Research Analyst
Apr 07 - 13, 2008

Today Pakistan has a 19,505MW of installed electricity generation capacity, of which thermal generation represents 65% with 12,580MW, Hydel 33% with 6463MW and Nuclear 2% with 462MW however the contribution from alternate resources is quite nominal.

It is interesting to note that of the total installed capacity the public sector contributes 70% while the private sector's share estimated at 30%. However, the government intends to raise the private involvement which may cross Public capacities next 10 years. Projected 6,428MW electricity generation capacities are designed to be installed by the end of FY-10 through the IPPs, including 700 MW of Wind Power.

Alternate energy resources include; Wind (including micro wind projects), solar Photovoltaic, Solar Thermal, Bio mass (Waste to energy), bio fuels, Geo Thermal, Geo magmatic and micro hydel.


For the improvement of Alternate Energy Production almost 225 wind water pumping systems and some 140 micro wind turbines of each 500 watts are being installed in Balochistan and/or Sindh respectively and will provide electricity to 691 houses of 18 remote villages. 84 IPPs operating in the country, are planning to establish 50MW wind farm each, on a Buy-Own-Operate "BOO" or Buy-Own-Operate-Transfer "BOOT" basis, under the Policy for Development of Renewable Energy for Power Generation 2006. In all Seven IPPs have completed their Feasibility Studies for 50 MW projects and eight investors have so far applied for grant of Generation License to NEPRA.

Alternate Energy development Board has been assigned the duty to ensure the targets with further 9,700MW to be produced by the end of FY-30 all through private sector investments.


Our country potentially receives 19 Mega Joules per square meter on average, and covers 796,095 square kilometers of land. This potential of energy can be utilized effectively to produce electricity for small villages and homes in remote area saving huge costs of grid connectivity and environmental protection.

Northern areas of Balochistan are presenting greater potential while most of the areas witness average potential for the utilization of the technology to produce electricity.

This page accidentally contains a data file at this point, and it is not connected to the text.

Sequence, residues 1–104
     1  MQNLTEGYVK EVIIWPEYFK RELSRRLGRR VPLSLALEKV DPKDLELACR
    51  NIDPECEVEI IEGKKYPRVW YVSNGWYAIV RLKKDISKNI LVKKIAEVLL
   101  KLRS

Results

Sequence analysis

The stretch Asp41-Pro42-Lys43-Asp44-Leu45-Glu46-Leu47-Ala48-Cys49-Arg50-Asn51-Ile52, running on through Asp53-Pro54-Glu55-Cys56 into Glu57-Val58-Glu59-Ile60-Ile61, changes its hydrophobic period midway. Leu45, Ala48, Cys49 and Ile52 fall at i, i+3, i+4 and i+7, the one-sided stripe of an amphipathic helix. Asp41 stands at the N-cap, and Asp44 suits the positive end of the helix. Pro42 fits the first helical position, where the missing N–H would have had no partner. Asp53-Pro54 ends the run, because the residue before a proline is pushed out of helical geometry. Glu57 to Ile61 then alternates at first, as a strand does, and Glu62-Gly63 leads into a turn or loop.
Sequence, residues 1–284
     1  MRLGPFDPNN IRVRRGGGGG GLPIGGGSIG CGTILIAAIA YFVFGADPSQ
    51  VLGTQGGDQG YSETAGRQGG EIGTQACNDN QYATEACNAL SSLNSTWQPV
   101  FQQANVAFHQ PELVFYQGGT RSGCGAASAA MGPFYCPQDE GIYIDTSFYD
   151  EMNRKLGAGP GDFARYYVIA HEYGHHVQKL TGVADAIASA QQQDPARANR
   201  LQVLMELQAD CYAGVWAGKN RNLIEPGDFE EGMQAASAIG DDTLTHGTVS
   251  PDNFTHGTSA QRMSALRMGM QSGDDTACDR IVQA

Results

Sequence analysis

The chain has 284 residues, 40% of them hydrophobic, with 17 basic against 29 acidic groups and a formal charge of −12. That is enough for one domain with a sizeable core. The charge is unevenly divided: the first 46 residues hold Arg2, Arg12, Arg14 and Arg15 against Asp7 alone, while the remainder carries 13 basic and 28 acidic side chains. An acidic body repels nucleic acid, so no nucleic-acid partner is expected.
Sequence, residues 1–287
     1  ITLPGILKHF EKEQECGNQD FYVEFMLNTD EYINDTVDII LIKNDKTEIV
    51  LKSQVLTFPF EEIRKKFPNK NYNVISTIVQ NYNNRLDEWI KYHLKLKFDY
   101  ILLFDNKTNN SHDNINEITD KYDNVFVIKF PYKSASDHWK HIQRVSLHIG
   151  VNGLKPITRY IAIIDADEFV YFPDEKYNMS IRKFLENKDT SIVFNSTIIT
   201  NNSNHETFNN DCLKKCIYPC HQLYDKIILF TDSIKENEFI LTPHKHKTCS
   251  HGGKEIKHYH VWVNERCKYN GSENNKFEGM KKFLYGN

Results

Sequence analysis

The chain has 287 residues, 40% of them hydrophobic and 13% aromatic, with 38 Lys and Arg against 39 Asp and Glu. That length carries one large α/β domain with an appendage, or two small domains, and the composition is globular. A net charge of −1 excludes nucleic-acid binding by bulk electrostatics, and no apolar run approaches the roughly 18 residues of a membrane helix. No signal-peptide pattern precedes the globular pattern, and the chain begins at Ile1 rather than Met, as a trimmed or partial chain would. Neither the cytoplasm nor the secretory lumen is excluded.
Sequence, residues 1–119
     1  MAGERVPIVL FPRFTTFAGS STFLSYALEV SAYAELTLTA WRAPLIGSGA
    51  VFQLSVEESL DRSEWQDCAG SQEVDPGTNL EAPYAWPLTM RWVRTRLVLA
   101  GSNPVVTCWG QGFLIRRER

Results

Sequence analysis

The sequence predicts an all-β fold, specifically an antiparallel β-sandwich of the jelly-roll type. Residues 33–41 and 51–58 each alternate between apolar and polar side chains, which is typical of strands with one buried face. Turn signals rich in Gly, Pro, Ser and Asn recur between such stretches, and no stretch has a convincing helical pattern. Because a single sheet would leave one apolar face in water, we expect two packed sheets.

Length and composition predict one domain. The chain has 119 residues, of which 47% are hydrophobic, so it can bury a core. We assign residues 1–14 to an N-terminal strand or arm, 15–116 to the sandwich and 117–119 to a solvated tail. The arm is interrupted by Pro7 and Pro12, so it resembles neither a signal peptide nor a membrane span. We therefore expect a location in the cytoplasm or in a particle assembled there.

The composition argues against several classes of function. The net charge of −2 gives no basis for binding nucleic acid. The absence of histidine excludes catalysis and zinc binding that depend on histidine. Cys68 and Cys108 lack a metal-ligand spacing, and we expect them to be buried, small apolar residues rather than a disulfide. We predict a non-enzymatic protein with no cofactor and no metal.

Government has planned to electrify 6968 villages in Balochistan and 906 in Sindh through these Renewable Energy sources that are outside the 20 km radius of the national grid.

More than 600 and then 400 villages were electrified using this technology and AEDB is currently in process of installing solar thermal power plants producing max 35k We. If the projects succeed, private sector will be facilitated to install 50-100 MWe Solar Thermal Power Plants.


Pakistan's hydro power sector poses the potential of about 46,000 MW while we are utilizing only 15% of it. Our country has vast irrigation system producing huge potentials for over 2000 small and medium site with capacities on average 50 MW. These projects can start yielding the power and will mitigate the shortages with 2 to 3 years. Most of the hydro power potential lies in the NWFP, Northern Areas and AJK.

Most of these projects can potentially be installed at off-grid areas so as to minimize the costs and provide electricity in the country-side away from cities and the installed grid systems.


Pakistan has not yet materialized the potential of efficient utilization of bio waste to produce energy. Currently studies are being carried out in 10 major cities and 6 letters of intent have been issued for the implementation of the projects with total capacity of 275MW of electricity. These sorts of projects will help maintain clean environment in the cities and achieve cost efficiencies.


Although the country has enough capacity of hydel resources (46000MW) to meet and exceed its potential demand of 20,000 which will reach to 35,000 MW in FY-10 but due to some political and regional conflicts it is very hard to achieve. But no worries as the science & technology has made Pakistan capable enough to produce the energy through different resources discussed earlier and it can meet the potential demands of local villages through those low cost & efficient projects.

Government has offered many incentives like higher tariffs, and potential political, fiscal and wind risk coverage and attractive IRRs. Land and other resources for the utilization of the technologies are provided at cheaper rates. All these and other favorable policies are attracting investments in the sector and within few years this phenomenon of energy production will catch higher private participation. The technologies are very attractive, feasible and cost effective and we see brighter future of investments in these sectors.